April 12, 2017
A Design Compendium of Beautiful Places and Things to Inspire Peace
Finding peace has never been more important. Escape the chaos inside the home—and out.
by Deborah L. Martin
In the August 1960 issue of House Beautiful, Editor in Chief Elizabeth Gordon introduced a new concept to the American public: Shibui. She wrote, "Shibui describes a profound, unassuming, quiet feeling. It is unobtrusive and unostentatious. The form is simple and must have been arrived at with an economy of means. Shibui is never complicated or contrived." In spite of the fact that it was a new idea here—and it created quite a stir—it was a centuries old Eastern philosophy in Japanese culture with seven elements: Simplicity, implicity, modesty, silence, naturalness, everydayness, and imperfection. In the decade before Shibui was introduced here, a design movement in Scandinavia was also taking hold with similar philosophy. In Scandinavian design, simplicity, minimalism, and functionality were celebrated, with a uniquely egalitarian point of view. Ideologically, then as now, the Scandinavian countries espoused social democracy, the idea that everyone should be able to enjoy beautiful, well-made things, and a comfortable life. Over the years, many thousands of words have been written about these design aesthetics, and although they made their debut here over 50 years ago, today it seems that simplicity and silence are just what the doctor ordered. In the pages that follow, a design compendium of beautiful places and things to inspire peace.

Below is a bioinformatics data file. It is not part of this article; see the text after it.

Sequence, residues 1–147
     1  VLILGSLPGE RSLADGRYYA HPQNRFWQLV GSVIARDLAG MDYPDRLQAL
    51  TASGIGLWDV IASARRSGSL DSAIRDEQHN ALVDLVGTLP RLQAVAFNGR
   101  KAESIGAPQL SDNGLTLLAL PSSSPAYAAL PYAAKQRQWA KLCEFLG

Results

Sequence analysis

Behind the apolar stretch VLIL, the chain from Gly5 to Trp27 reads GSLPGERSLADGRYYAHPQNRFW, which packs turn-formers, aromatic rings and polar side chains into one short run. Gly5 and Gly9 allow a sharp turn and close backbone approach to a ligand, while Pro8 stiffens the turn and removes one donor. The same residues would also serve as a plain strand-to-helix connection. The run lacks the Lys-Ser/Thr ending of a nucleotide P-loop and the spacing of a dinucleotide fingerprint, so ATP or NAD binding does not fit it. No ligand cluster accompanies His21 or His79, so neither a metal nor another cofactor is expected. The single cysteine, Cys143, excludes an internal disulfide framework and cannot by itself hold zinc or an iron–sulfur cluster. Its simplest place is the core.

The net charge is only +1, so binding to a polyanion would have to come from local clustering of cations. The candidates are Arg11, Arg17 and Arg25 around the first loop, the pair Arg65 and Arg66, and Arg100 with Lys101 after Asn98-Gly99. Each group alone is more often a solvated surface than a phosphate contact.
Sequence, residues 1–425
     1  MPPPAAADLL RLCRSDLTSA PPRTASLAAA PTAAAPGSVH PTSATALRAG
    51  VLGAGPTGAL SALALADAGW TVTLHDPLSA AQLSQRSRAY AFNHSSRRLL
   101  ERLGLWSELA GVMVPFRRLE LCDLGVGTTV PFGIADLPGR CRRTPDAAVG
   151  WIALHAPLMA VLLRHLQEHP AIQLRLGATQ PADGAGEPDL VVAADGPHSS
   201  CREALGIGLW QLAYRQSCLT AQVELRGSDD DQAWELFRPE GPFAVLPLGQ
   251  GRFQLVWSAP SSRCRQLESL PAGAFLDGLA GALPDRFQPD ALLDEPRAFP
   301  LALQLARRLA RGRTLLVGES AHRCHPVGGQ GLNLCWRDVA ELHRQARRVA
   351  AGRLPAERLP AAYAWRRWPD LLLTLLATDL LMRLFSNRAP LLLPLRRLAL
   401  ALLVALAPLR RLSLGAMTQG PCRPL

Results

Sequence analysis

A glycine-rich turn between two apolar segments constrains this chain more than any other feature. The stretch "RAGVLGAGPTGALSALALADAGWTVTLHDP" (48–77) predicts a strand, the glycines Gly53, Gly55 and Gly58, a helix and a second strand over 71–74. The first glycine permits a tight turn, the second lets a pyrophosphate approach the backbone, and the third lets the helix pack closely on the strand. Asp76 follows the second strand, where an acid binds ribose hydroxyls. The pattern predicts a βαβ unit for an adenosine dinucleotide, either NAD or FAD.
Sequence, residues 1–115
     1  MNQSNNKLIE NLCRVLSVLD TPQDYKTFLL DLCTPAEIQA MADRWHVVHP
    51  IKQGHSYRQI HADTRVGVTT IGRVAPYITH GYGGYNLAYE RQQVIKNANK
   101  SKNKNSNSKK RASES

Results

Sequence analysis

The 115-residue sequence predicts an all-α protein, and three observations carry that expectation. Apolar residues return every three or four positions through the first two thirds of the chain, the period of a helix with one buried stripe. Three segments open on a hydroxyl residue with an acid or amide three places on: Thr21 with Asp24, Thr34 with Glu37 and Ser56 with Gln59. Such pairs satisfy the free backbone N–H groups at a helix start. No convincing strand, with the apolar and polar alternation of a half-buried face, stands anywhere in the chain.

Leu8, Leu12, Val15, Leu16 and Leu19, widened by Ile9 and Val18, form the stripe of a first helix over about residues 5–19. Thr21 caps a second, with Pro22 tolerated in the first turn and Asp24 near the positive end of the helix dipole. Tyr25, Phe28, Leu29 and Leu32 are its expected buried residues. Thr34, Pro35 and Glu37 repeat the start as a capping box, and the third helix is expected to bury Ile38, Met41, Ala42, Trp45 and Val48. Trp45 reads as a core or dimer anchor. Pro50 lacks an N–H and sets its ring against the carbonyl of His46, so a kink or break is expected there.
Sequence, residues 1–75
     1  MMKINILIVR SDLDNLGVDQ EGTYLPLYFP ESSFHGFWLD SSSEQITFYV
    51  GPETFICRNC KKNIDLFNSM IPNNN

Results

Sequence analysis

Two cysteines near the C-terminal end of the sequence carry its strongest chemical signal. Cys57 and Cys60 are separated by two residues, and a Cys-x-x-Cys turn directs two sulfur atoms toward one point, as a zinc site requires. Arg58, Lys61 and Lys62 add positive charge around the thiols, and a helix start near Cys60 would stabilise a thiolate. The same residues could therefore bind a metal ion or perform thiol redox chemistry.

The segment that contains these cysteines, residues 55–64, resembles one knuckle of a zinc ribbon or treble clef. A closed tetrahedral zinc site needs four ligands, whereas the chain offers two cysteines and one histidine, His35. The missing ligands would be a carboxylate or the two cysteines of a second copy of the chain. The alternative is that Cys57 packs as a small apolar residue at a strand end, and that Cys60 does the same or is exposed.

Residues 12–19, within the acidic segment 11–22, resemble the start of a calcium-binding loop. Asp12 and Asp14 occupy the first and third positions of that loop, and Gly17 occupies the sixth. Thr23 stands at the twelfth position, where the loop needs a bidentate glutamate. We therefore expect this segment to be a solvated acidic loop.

The great escape Living in New York City comes with its own set of challenges and aggravations. From the constant noise of the streets and the crush of humanity, to the pressures of vertical living, sometimes it seems as though there is no way out. But if you know where to look, the city is filled with special places and quiet corners to satisfy the need for peaceful respite. The Morgan Library's Gilbert Court (above) is a light-filled oasis in the midst of Murray Hill. Afternoon tea in the café is the perfect interlude. Further uptown, on 70th Street and Fifth Avenue, there is an oasis of a different variety. The Frick Collection, housed in Henry Clay Frick's mansion, is one of the few remaining Gilded Age buildings in New York. The raised Fifth Avenue garden, surrounded by a cast iron fence, is an island of calm. Magnolia trees and roses decorate the terraced space, and carpets of green break the monotony of concrete and blacktop.
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